In the light of post-Cold War developments, this book addresses central and poignant questions to Britain's decision to acquire, deploy and maintain a strategic nuclear deterrent.
The scene is set with a resume of the historical background from the discovery of nuclear fission in early 1939 to the deployment of the V-bomber force in the 1950s. The development of nuclear strategy is thereafter summarised with emphasis on Britain's contribution to that process vis a vis the United States, and on the reasons for Britain's adoption of specific strategic doctrines.
Robert Paterson then devotes the central portion of the book to detailed examinations of the decisions to procure and deploy Polaris and subsequently to replace it with Trident.
The book concludes with comparisons with France's experience with an independent strategic nuclear deterrent, and an assessment of the key strategic changes in the post-Cold War period and of how strategic geo-political changes, international aspirations regarding arms control developments and the domestic constraints of public opinion and economics might influence a decision regarding a fourth-generation nuclear deterrent.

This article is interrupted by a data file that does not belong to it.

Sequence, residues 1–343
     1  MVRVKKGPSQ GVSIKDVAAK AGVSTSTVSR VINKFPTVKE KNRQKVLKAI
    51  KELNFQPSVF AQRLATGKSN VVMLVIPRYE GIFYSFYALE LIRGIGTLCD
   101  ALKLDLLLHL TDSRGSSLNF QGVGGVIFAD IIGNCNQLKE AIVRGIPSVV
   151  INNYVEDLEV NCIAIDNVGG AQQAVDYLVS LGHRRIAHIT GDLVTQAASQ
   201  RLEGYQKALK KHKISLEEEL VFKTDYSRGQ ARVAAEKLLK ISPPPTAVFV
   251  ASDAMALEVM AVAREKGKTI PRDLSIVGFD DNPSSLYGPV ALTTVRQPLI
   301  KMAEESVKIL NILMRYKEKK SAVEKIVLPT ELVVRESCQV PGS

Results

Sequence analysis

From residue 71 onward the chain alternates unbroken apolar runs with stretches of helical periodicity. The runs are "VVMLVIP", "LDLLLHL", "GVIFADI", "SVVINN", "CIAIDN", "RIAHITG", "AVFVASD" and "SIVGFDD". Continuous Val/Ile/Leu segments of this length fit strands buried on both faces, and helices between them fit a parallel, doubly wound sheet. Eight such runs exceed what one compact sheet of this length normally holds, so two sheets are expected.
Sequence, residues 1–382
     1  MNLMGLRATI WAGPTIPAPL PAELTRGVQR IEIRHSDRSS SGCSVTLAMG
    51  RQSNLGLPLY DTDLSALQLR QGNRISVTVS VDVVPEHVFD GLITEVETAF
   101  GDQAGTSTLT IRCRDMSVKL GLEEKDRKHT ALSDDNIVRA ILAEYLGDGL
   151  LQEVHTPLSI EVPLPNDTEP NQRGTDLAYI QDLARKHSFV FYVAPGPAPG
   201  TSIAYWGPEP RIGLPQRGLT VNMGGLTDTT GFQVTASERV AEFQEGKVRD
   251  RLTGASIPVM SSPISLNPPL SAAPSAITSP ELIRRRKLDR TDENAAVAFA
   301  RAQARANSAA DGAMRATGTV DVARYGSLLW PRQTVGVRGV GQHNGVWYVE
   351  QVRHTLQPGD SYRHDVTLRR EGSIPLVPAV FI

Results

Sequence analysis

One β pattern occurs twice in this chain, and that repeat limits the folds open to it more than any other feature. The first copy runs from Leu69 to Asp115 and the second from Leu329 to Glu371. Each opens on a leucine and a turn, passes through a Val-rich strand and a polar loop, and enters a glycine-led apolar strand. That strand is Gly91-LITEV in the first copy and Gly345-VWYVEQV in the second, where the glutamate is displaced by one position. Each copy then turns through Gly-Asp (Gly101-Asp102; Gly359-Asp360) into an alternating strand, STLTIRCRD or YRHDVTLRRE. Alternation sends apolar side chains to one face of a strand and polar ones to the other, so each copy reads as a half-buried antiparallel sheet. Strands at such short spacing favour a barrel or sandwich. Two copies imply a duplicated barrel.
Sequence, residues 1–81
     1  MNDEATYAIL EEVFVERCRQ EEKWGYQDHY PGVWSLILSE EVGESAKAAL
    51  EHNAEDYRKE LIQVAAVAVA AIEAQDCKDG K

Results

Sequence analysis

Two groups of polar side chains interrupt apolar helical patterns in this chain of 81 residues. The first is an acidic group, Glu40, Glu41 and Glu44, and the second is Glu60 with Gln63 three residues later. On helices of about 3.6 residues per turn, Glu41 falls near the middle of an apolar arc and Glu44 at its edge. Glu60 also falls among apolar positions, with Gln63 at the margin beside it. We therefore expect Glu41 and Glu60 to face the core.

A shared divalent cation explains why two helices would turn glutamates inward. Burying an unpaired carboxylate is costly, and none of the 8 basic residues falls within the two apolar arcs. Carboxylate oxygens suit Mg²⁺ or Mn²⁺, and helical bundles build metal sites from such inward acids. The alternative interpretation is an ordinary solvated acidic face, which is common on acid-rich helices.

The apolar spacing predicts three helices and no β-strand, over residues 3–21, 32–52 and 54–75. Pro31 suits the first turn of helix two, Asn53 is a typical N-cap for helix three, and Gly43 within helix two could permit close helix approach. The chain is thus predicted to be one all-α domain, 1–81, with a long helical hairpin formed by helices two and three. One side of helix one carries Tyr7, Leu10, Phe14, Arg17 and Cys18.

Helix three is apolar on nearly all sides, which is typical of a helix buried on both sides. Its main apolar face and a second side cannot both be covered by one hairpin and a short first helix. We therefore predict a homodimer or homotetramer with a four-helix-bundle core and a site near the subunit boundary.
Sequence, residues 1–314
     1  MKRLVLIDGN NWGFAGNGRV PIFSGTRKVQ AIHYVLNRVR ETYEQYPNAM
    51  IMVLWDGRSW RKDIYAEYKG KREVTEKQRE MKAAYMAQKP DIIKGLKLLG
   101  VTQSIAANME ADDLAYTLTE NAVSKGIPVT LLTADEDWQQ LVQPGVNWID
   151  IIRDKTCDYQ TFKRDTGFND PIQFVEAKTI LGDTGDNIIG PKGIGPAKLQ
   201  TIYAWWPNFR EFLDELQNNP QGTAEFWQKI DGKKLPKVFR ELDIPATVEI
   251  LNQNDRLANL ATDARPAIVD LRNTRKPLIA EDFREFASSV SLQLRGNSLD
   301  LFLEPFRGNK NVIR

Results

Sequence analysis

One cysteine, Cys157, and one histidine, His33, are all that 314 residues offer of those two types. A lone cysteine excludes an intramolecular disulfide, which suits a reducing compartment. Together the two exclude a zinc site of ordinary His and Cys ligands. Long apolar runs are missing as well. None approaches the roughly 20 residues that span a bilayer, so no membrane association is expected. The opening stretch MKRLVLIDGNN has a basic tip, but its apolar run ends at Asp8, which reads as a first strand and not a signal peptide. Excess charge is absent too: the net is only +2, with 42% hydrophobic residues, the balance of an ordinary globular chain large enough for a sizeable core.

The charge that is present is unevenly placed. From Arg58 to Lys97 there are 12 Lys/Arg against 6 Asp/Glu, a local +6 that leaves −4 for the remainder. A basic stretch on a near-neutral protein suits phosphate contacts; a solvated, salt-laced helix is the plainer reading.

It will be of value to those in universities or military training establishments reading strategic studies, as well as others who have a professional or amateur interest in defence policy.